Wiring Examples:

If you use the WinAmp-style wiring, connect the following pins:

Display Pin 4 (RS) => Parallelport Pin 16 (Init)
Display Pin 5 (R/W) => Parallelport Pin 14 (AutoFD)
Display Pin 6 (Enable) => Parallelport Pin 1 (Strobe)

The wiring entries in lcd4linux.conf sould read:

 Wire {
    RW        'AUTOFD'
    RS        'INIT'
    ENABLE    'STROBE'
    ENABLE2   'GND'
    BACKLIGHT 'GND'
    GPO       'GND'
    POWER     'GND'
 }

Other wiring examples: lcd4linux default 8-bit wiring:

 Wire {
    RW        'GND'
    RS        'AUTOFD'
    ENABLE    'STROBE'
    ENABLE2   'SLCTIN'
    BACKLIGHT 'GND'
    GPO       'INIT'
    POWER     'GND'
 }

lcd4linux default 4-bit wiring:

 Wire {
    RS        'DB4'
    RW        'DB5'
    ENABLE    'DB6'
    ENABLE2   'DB7'
    BACKLIGHT 'GND'
    GPO       'GND'
    POWER     'GND'
 }

Timing:

As I said above, HD44780 are quite timing-critial. First, there is the low-level timing on the parallel port, second is the execution time needed for various commands (especially if you're not using busy-flag checking). In the past, we tried to use worst-case values, as the timings differ from datasheet to datasheet. But this did not always work, some displays really need smaller values...

So I decided to make the timings configurable. That's what the Timing section in the lcd4linux.conf is for. Note that under normal circumstances you won't need such a section, lcd4linux uses default values which should work with most displays.

You should consult the datasheet of your display before messing around with these values!

To make it easier to play with the timing values, I invented a fuzz factor, which modifies all other timing values. This factor is interpreted as a percentage, with a default of 100% (meaning no modification). If you specify a fuzz factor of 150, this leads to all timings being multiplied by 1.5 (so the default 1000 ns Enable Cycle Time will be 1500 ns).

Low-level timings:

NameDescriptionDefaultUnit
CYEnably cycle time1000ns
PWEnably pulse width450ns
ASAddress setup time140ns
AHAddress hold time20ns

HD44780 execution timings:

NameDescriptionDefaultUnit
INIT1First init sequence4100us
INIT2Second init sequence100us
EXECnormal execution time80us
WRCGCG RAM Write120us
CLEARClear Display2250us
HOMECursor Home2250us
ONOFFDisplay On/Off? Control2250us

GPO timings:

If you're using a 74HCT573 or similar as a latch to control one or more GPO's, you may specify the timing, too:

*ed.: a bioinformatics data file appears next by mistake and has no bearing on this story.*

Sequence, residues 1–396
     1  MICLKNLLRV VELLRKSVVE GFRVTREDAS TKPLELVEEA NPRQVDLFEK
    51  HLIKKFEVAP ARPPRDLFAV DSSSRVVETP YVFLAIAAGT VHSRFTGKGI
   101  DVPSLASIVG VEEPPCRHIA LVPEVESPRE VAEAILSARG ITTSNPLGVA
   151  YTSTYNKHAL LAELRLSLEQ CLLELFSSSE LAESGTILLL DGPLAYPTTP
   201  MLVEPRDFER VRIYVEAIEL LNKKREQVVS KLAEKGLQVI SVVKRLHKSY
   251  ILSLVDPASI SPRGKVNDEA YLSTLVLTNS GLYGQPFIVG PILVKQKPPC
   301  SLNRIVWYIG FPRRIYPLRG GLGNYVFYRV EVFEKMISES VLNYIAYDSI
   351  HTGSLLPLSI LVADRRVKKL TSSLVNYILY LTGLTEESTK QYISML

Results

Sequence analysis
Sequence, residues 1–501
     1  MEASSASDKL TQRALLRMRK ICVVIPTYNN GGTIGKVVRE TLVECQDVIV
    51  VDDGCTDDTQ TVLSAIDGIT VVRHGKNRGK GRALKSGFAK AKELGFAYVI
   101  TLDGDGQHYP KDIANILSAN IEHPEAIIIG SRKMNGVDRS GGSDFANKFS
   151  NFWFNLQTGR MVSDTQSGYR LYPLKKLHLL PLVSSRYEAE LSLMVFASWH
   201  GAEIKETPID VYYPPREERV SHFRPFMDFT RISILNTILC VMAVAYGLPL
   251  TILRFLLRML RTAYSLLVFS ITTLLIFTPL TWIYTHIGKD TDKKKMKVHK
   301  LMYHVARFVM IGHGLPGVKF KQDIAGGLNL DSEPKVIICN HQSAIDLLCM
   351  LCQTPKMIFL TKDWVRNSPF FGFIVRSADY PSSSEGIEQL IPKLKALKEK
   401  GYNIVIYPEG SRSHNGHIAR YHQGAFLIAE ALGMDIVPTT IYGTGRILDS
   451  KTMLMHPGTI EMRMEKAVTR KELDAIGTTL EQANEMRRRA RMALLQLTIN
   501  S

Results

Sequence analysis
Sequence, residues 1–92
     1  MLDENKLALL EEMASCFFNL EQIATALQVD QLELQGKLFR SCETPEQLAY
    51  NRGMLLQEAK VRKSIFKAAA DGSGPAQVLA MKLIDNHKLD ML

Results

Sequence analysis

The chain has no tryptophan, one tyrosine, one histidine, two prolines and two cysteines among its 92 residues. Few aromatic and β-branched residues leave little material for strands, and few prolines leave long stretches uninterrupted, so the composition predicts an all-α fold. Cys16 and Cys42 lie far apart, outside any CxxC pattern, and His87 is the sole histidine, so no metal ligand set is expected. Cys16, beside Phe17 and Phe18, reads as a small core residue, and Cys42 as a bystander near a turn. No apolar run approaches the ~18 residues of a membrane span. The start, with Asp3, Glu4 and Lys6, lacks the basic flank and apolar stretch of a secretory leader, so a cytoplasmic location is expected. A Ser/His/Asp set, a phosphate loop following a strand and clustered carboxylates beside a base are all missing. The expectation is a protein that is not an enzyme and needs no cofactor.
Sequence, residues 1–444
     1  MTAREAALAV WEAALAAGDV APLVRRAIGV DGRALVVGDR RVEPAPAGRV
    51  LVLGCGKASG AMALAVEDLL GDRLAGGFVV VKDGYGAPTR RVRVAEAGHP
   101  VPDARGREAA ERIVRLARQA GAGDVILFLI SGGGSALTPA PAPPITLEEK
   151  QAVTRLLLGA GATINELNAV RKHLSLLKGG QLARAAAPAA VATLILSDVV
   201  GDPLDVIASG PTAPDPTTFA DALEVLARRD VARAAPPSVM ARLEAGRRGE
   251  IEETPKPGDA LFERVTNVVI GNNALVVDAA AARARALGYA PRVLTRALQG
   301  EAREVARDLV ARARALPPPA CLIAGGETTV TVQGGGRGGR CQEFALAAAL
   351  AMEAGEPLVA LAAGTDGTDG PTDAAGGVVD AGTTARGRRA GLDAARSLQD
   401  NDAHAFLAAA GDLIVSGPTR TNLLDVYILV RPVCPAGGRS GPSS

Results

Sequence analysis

NameDescriptionDefaultUnit
GPO_ST74HCT573 set-up time20ns
GPO_PW74HCT573 enable pulse width230ns

power-from-parport timings:

If you're fetching supply voltage from an unused pin from the parallel port (see below), you can control how long LCD4linux delays after rising this power pin:

NameDescriptionDefaultUnit
POWERdelay between rising the power supply signal and further initialisation500ms

Sample Timing Section:

 Timing {
    CY    1000  
    PW     450  
    AS     140  
    AH      20  
    INIT1 4100
    INIT2  100
    EXEC    80
    WRCG   120
    CLEAR 2250
    HOME  2250
    ONOFF 2250
    GPO_ST  20
    GPO_PW 230
    POWER  500
 }

Backlight:

If your Display (or your interface) provides a way to control the backlight by software, LCD4Linux supports this, too. You need an additional control signal from the parallel port. You have to specify this signal with the Wire.Backlight entry in the config file (the default is GND, i.e. not connected). The initial backlight state my be specified with the Backlight parameter in the Display section.

If you have a Noritake Display, backlight brightness can be controlled, too. The initial backlight level my be specified with the Brightness parameter in the Display section.


GPO's:

You can connect up to 8 digital output lines to the parallel port with a simple additional circuit (e.g. to drive a LED). These lines can be controlled by lcd4linux, and need an additional control signal from the parallel port. You have to specify this signal with the Wire.GPO entry in the config file (the default is GND, i.e. not connected).

See the GPO widget section for how to use these GPO's.


power-supply from parport (experimental)

It should be possible to get the power supply for your display from an unused signal from the parallel port. Please not that we're talking about display power supply, not the backlight!

If you want to try so, you have to specify this signal with the Wire.Power entry in the config file (the default is GND, i.e. no power from parport). To allow the display to settle down, there's a delay between rising this power-supply signal and the HD44780 initialisation sequence. You can modify this default delay of 500 msec with the Timing.POWER entry in the config file.

Note that this will probably work with a 5V parallel port only! (and most modern PC's deliver 3.3V)


Schematic:

I'm using a 'general purpose' interface board to quickly test various displays. It consists of a stabilized voltage regulator, a connector to the parallel port, the circuit to drive 8 LED's, and two potentiometers to control backlight and contrast. Here's the schematic and board (designed with eagle):

HD44780 schematics HD44780 board

And here an example, two displays on one bus (16x4 and 20x2):

ATTENTION! Wrongly cabled on Picture! Pin 6 of Display 2 have to be connected to Pin 17 (SelectIn?) of Paralellport!


Last modified 8 years ago Last modified on 07/31/10 02:33:49